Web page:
Deloitte argues that GDPR may have a significant impact on innovation and the marketing industry. They estimate the damage at 1–2% of the GDP and warn that these security measures could cost millions of jobs.

Hang on, what?

So data privacy is valuable and important, but please don’t make us change our practices so much as to really do something about it.

Meanwhile, in Australia, there is a pending policy change that would enable the government to force an organisation to decrypt personal data. This initiative was so damaging that it was hilariously parodied on a viral video by The Juice Media.


Unfortunately, privacy is no laughing matter… So what is being done, and what makes it so hard to solve?

Good intentions, but no solution providers

Cynics among us may believe that some solutions exist just to generate revenue. We disagree with that and believe many providers have good intentions — they just lack the bite necessary to kill the beast.

  • Privacy law firms exist to conduct audits and help companies take remedial action, but they are just not practical for smaller firms. An Australian specialist provider recently indicated a small business would need to pay $15k and wait three months to get an audit completed.
  • Privacy badges exist to help build consumer trust and validate a company’s approach to privacy. However, consumers choose convenience over privacy every time and don’t have a comprehensive understanding of the issues in play. Has anyone actually ever read a privacy policy?
  • Pseudo credit cards and communication services make sense. However, in all the instances we have investigated there is usually some fatal flaw like requiring the user to sign up with their personal details in the first place — making the service provider a honeypot for would-be attackers. Companies harvest your data, mine it and then try to protect it. But should that happen at all?


What does a real solution look like?

To understand what a possible solution might look like, it’s helpful to consider what are the foundational problems — the immutable truths driving the ‘privacy issue’.

We believe there are two problems:

  1. Companies are incentivised to collect customer data, but not to protect it.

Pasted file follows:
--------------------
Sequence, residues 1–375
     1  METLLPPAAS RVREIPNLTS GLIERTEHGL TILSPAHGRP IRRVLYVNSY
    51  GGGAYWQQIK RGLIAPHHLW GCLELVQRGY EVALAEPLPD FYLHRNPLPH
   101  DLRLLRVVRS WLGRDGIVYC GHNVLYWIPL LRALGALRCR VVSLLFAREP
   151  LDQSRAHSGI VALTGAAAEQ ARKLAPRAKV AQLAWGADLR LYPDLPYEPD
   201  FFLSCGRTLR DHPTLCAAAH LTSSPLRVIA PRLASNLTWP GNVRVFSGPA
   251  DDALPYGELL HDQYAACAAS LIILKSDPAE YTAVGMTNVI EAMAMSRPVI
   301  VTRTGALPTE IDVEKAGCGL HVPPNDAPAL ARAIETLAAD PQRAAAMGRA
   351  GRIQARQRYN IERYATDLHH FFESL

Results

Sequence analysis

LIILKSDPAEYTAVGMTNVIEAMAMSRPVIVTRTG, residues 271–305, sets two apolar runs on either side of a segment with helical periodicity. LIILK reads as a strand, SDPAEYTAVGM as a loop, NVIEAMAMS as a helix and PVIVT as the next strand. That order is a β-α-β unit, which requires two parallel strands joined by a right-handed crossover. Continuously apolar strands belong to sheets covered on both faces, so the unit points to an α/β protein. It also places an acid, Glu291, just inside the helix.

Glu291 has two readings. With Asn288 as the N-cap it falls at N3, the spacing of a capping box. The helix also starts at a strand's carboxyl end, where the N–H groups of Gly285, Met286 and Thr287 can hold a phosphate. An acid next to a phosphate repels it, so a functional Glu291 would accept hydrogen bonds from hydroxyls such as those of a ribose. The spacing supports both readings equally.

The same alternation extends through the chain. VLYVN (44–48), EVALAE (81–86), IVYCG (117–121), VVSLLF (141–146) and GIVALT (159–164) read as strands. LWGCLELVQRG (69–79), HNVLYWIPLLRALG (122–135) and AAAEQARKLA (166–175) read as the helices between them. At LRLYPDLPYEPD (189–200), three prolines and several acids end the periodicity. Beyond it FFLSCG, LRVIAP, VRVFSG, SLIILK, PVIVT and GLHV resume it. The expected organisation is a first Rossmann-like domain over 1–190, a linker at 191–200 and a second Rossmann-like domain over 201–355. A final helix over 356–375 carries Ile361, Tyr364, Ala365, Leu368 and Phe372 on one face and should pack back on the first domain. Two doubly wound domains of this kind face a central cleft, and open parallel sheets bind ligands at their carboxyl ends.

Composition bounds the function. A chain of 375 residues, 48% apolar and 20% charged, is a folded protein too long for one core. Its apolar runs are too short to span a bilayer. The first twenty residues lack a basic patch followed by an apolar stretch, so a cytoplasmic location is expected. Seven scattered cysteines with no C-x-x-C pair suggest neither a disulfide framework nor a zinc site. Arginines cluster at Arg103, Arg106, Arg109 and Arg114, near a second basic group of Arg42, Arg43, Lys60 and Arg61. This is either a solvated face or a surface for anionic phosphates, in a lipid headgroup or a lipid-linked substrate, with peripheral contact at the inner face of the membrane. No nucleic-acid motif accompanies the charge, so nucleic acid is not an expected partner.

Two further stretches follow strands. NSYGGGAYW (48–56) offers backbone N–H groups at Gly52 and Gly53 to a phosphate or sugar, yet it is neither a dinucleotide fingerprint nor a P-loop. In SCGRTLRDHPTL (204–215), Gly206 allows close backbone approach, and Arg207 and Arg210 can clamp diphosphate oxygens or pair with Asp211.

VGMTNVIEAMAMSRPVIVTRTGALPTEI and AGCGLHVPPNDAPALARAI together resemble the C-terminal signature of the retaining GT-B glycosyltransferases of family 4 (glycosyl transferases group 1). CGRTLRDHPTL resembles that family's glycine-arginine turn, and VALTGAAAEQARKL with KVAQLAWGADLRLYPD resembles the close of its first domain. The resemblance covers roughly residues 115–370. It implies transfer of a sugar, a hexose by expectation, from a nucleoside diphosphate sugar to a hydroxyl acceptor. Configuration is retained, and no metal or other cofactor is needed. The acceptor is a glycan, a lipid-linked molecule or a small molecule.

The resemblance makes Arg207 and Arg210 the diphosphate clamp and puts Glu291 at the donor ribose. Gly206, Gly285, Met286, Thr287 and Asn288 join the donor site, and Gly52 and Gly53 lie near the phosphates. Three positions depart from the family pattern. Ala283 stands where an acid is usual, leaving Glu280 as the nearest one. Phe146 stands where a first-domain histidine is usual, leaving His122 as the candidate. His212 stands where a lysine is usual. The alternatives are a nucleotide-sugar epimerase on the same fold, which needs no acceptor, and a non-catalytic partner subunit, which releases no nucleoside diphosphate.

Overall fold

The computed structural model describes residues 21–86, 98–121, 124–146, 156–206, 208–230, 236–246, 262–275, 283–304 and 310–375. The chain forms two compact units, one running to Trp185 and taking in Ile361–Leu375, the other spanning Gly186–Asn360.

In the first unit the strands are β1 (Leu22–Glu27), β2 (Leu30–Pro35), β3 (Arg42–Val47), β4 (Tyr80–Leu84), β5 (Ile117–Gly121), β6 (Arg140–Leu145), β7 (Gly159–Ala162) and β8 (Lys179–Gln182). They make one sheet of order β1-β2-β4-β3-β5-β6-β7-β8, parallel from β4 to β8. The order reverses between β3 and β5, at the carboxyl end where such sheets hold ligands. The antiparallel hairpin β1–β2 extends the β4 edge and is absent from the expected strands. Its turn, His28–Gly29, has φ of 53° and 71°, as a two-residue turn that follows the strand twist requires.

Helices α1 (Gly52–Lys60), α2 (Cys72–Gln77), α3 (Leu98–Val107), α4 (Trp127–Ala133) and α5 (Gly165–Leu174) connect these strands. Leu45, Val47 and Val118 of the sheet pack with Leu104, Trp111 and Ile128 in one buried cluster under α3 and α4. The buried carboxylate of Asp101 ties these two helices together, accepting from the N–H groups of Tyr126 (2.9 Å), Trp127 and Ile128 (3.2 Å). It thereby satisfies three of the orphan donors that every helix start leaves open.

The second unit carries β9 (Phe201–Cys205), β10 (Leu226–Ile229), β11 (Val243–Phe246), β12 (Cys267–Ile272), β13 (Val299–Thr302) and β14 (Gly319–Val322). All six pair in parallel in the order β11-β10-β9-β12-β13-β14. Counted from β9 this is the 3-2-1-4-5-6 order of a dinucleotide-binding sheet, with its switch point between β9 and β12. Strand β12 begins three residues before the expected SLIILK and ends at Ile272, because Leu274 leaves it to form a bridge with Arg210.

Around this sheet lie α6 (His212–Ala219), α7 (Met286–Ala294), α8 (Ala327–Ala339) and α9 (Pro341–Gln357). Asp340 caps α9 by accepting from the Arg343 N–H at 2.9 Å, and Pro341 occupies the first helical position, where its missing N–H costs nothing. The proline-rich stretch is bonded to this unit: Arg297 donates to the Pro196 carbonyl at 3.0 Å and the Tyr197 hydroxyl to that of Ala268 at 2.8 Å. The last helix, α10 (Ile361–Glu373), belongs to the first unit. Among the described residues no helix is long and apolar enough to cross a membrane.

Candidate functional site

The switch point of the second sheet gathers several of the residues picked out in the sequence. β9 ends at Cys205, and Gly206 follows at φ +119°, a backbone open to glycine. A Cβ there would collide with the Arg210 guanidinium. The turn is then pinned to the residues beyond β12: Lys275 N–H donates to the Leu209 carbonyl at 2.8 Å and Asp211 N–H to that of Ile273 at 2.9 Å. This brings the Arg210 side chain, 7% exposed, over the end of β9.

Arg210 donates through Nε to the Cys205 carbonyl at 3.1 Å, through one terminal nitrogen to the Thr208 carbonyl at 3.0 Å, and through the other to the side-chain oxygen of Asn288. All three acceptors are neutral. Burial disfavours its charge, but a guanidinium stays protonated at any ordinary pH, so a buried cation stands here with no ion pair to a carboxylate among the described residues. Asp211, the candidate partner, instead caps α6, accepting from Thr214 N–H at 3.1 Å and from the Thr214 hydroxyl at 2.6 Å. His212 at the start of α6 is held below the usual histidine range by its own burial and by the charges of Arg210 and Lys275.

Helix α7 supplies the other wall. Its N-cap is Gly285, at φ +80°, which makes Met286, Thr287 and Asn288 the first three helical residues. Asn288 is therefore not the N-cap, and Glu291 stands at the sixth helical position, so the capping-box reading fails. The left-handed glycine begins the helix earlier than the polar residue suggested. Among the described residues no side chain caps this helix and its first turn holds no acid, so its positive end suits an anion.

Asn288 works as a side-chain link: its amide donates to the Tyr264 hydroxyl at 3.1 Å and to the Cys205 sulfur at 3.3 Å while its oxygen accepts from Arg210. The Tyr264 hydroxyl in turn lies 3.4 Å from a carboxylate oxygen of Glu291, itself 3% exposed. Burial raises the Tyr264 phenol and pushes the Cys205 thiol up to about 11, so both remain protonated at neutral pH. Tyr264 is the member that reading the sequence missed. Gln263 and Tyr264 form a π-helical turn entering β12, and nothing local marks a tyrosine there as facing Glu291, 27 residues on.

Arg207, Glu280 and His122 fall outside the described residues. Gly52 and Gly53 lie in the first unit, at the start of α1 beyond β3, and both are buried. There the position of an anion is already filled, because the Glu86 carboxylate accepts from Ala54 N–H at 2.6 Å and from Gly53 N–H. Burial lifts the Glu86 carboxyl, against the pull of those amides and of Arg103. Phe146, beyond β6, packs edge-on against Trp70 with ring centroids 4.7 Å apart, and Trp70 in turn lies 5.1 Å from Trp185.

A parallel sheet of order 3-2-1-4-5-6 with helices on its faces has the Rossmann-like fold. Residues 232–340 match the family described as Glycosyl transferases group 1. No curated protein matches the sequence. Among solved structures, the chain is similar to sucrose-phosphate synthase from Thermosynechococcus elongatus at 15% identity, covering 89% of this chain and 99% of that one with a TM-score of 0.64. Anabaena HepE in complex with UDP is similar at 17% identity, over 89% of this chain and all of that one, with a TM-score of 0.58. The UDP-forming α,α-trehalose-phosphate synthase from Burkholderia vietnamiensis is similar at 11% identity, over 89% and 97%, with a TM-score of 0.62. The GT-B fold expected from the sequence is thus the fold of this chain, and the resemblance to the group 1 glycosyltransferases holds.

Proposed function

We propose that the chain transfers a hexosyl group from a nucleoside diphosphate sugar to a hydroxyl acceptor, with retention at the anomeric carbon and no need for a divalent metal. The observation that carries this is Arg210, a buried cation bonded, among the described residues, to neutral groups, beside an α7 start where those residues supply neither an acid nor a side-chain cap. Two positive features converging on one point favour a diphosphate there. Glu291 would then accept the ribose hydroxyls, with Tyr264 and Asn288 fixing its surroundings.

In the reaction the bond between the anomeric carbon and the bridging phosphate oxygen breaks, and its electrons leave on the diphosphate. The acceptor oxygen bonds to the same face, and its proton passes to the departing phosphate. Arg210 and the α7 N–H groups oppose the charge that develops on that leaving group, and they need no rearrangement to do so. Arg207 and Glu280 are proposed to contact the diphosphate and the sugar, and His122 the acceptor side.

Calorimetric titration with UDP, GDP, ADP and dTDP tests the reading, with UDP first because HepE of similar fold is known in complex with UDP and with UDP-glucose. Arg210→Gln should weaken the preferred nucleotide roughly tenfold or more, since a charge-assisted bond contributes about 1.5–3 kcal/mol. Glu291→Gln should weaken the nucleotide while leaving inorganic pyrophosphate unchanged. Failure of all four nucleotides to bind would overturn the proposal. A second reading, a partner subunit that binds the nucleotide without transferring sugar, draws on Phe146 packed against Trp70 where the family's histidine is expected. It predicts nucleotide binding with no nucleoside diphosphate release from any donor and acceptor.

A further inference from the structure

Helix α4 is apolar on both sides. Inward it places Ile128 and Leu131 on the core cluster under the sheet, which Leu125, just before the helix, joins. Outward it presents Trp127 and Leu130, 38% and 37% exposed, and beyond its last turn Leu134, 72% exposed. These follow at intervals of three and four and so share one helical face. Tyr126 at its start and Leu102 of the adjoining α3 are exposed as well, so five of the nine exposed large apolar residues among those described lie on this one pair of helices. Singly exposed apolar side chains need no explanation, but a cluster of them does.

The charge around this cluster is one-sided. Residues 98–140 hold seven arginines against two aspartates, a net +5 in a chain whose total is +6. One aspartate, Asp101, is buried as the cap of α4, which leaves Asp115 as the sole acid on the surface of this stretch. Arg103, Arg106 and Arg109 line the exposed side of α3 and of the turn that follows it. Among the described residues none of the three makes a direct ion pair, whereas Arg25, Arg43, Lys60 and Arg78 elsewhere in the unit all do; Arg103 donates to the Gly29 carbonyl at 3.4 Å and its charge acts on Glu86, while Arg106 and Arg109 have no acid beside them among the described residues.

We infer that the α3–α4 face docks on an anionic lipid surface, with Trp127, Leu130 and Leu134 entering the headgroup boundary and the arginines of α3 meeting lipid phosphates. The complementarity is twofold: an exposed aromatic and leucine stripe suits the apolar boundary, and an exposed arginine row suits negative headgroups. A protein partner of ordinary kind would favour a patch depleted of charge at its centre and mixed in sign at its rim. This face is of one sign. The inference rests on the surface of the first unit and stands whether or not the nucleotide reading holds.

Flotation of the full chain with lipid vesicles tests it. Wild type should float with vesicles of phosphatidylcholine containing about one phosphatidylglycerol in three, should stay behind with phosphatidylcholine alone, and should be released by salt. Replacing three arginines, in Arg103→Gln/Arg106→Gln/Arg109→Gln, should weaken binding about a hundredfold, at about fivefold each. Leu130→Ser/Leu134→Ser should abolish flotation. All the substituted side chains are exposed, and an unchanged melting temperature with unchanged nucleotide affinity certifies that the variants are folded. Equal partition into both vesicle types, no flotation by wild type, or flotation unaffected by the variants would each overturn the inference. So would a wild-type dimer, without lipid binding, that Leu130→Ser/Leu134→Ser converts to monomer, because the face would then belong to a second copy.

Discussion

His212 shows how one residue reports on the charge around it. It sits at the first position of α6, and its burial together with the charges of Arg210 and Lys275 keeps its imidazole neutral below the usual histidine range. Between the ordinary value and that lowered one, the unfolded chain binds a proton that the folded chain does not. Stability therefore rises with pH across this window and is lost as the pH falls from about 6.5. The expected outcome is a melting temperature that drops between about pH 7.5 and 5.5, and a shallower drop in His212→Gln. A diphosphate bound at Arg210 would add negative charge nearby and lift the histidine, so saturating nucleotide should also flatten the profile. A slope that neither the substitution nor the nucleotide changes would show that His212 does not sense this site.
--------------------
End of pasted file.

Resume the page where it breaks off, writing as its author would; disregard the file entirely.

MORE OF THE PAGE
2. Individuals choose convenience over privacy.

To address these issues, there is a range of existing technologies that we believe will combine to form a new privacy layer to the Internet.

We’ve coined the term #PriTech (Privacy Technologies). These companies and initiatives include:

  • Cryptocurrencies — CloakCoin and Monero for example, can hide the currency-owners’ identity through transactions.
  • Blockchain — An encrypted distributed ledger that can hold smart, private contracts either P2P or P2B.
  • Digital ID — Securely handshake your identity authoritatively to an organisation without transferring your personal data.
  • Chatbots — Unique ability to provide anonymous access to expertise.


The next billion-user company doesn’t want your data

The business model of collecting and exploiting personal data will almost certainly be dead within a few years. We’re not the only ones to believe that.

Even the world’s most valuable company, Apple, has begun to change its tune in the past year. Its new ‘privacy pledge’ goes as far to say that:

“Privacy is a human right, and here’s our pledge about what we are doing about it.”

Many major brands might see privacy issues as an inconvenience, or even a threat to their business model and the economy at large. There is an emerging view that putting privacy first is more of an opportunity than a threat.

Technologies like blockchain exist today to make that possible, and those that actively seek solutions that customers care about, stand to win in the not too distant future.


‘Just how private is your data?’ – Interview with Alex Saunders & Joshua Marriage

About the authors

Joshua Marriage and Matt Collis are co-founders of Privacy Express — a Privacy Venture Studio that helps businesses connect with individuals without compromising privacy.